Yesterday’s exciting progress on the layout was marred by a glitch.  I turned off the DC power pack to take care of some other things around the house.  When I went back to the layout later, it was shorted out.  I have no idea how that can happen, but I guess I’ll have to figure it out. The joys of building a home layout.

Suggestions are welcome!


8 thoughts on “Shorted

  1. Gaps closing are the usual culprit. Spikes can also almost touch under the ties by two rails near a frog and with wood contracting, etc, eventually touch and short out. Bare strands of wire under the layout can sometimes do naughty things as well. You might also want to go over your PC ties and see if a burr of metal shifted and closed the gap there. With DCC some of these things disappear in a wisp of vapourized metal, but with DC there’s not enough current to heat things up that much.

  2. Wish I could help. The only suggestions I have are to
    1) divide and conquer. Split the layout in half and half again etc to isolate where the short is occuring. Of course, there may be more than one…
    2) use a multimeter or even a DCC system (which is much more sensitive to shorts) to determine where the shorts are.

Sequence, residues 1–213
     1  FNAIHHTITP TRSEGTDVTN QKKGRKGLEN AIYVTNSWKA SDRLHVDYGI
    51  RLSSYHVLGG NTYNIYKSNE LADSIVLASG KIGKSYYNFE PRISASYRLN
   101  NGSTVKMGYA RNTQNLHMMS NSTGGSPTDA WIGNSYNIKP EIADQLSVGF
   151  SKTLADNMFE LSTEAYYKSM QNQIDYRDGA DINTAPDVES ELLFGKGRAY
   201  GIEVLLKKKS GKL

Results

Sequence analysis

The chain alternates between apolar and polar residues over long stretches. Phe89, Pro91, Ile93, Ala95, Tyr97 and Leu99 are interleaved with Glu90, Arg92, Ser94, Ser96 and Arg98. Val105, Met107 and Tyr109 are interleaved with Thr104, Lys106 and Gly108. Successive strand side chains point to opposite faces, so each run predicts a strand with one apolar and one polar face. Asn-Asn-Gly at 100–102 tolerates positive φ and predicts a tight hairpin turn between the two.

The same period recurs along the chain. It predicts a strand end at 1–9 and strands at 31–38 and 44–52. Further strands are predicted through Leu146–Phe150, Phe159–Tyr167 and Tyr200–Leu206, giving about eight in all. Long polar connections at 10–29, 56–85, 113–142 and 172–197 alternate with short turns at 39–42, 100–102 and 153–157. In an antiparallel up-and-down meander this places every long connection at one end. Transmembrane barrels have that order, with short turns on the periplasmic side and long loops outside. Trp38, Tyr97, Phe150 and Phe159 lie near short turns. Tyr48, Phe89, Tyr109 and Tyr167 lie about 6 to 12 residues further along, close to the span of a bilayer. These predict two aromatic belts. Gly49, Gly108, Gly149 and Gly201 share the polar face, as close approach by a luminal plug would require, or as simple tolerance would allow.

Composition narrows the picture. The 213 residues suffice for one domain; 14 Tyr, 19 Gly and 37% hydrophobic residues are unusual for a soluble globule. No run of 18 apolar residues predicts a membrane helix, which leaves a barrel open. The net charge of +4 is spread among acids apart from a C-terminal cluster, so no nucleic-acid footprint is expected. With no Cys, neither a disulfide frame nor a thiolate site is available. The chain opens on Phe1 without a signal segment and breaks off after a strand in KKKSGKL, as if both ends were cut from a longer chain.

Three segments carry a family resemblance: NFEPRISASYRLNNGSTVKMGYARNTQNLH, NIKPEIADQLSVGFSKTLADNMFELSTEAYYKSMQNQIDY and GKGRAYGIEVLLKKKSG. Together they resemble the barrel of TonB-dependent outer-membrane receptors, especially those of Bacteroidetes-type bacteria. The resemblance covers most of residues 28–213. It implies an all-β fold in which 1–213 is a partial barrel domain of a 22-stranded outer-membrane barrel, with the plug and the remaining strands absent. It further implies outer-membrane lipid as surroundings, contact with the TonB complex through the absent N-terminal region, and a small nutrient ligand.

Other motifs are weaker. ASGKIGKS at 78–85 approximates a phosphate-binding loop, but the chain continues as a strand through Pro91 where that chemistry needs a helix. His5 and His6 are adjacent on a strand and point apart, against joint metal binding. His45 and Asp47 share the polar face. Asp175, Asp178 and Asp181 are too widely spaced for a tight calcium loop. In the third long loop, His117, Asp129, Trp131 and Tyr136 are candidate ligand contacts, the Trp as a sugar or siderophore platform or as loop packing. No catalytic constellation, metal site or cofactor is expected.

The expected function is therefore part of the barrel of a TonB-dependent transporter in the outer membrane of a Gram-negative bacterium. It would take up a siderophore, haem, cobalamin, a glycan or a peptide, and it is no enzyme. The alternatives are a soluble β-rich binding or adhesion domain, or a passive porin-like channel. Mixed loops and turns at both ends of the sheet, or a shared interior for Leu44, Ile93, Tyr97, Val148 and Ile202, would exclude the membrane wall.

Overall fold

• Here’s a breakdown of how I’ve been trying to solve this:
      – Checked that all of the frogs are isolated (previously done).
      – Checked all of the pc board ties to ensure that there are no burrs and that the gaps are all in the right places.
      – Checked every feeder to make sure that each one was correctly coloured when I installed them.
      – Checked to ensure that every feeder connects to the correctly coloured bus wire.
      – Vacuumed the layout to suck up any whiskers of stranded wire.
      – Checked all of the feeders and bus wires to ensure the insulation is intact everywhere.
      – Checked that the polarity of the feeders to the Blue Point terminals are soldered to the correct terminals.

      Still stumped 😦

  3. A thought occurred to me as I was checking the layout.

    I pre-wired all of the turnout controls before installing them, and as a result, some of them were wired backwards. I had to remove the leads from the terminals and I did this with the turnout controls in place. It’s possible that I may have had the heat on one of the terminals for too long. Is it possible that the contacts inside of one of my Blue Point turnout controls came loose and is now shorting out the terminals? It may have been OK for the first few times I threw the switch, but then worked itself loose after a few throws. Has anyone heard of excess heat causing issues with the guts of a DPDT switch?

  4. I found it. Two spikes that were back to back on the first tie outside of a frog gap had somehow moved enough to short out. How they weren’t shorting the layout the first time I ran it, I’ll never know. I ran every inch of the layout again, and had no problems aside from some flux and paint on the railhead in a few places. Jurgen, it was your suggestion about spikes that prompted me to look more closely at the the frogs. Thanks for that.

    This highlights another benefit of the Fast Tracks system: there are no spikes on the turnout if you use the whole system.

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